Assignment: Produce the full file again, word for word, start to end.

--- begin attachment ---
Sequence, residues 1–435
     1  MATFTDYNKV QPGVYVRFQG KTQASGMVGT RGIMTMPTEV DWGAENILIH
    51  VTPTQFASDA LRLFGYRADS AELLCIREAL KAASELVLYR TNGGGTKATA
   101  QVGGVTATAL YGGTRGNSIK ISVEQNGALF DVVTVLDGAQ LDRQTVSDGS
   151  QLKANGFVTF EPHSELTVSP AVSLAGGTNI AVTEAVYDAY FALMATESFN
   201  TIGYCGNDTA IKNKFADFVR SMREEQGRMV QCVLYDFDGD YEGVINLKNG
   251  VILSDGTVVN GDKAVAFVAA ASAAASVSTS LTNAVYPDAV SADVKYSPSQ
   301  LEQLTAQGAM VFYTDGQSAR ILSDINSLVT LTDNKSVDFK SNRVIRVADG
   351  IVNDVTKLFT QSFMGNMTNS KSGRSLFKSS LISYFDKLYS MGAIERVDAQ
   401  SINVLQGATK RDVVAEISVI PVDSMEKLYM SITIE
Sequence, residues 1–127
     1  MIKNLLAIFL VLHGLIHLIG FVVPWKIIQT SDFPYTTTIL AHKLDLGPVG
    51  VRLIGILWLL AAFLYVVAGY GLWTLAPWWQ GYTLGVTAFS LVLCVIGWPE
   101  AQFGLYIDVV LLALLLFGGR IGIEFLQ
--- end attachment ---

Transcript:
Sequence, residues 1–435
     1  MATFTDYNKV QPGVYVRFQG KTQASGMVGT RGIMTMPTEV DWGAENILIH
    51  VTPTQFASDA LRLFGYRADS AELLCIREAL KAASELVLYR TNGGGTKATA
   101  QVGGVTATAL YGGTRGNSIK ISVEQNGALF DVVTVLDGAQ LDRQTVSDGS
   151  QLKANGFVTF EPHSELTVSP AVSLAGGTNI AVTEAVYDAY FALMATESFN
   201  TIGYCGNDTA IKNKFADFVR SMREEQGRMV QCVLYDFDGD YEGVINLKNG
   251  VILSDGTVVN GDKAVAFVAA ASAAASVSTS LTNAVYPDAV SADVKYSPSQ
   301  LEQLTAQGAM VFYTDGQSAR ILSDINSLVT LTDNKSVDFK SNRVIRVADG
   351  IVNDVTKLFT QSFMGNMTNS KSGRSLFKSS LISYFDKLYS MGAIERVDAQ
   401  SINVLQGATK RDVVAEISVI PVDSMEKLYM SITIE
Sequence, residues 1–127
     1  MIKNLLAIFL VLHGLIHLIG FVVPWKIIQT SDFPYTTTIL AHKLDLGPVG
    51  VRLIGILWLL AAFLYVVAGY GLWTLAPWWQ GYTLGVTAFS LVLCVIGWPE
   101  AQFGLYIDVV LLALLLFGGR IGIEFLQ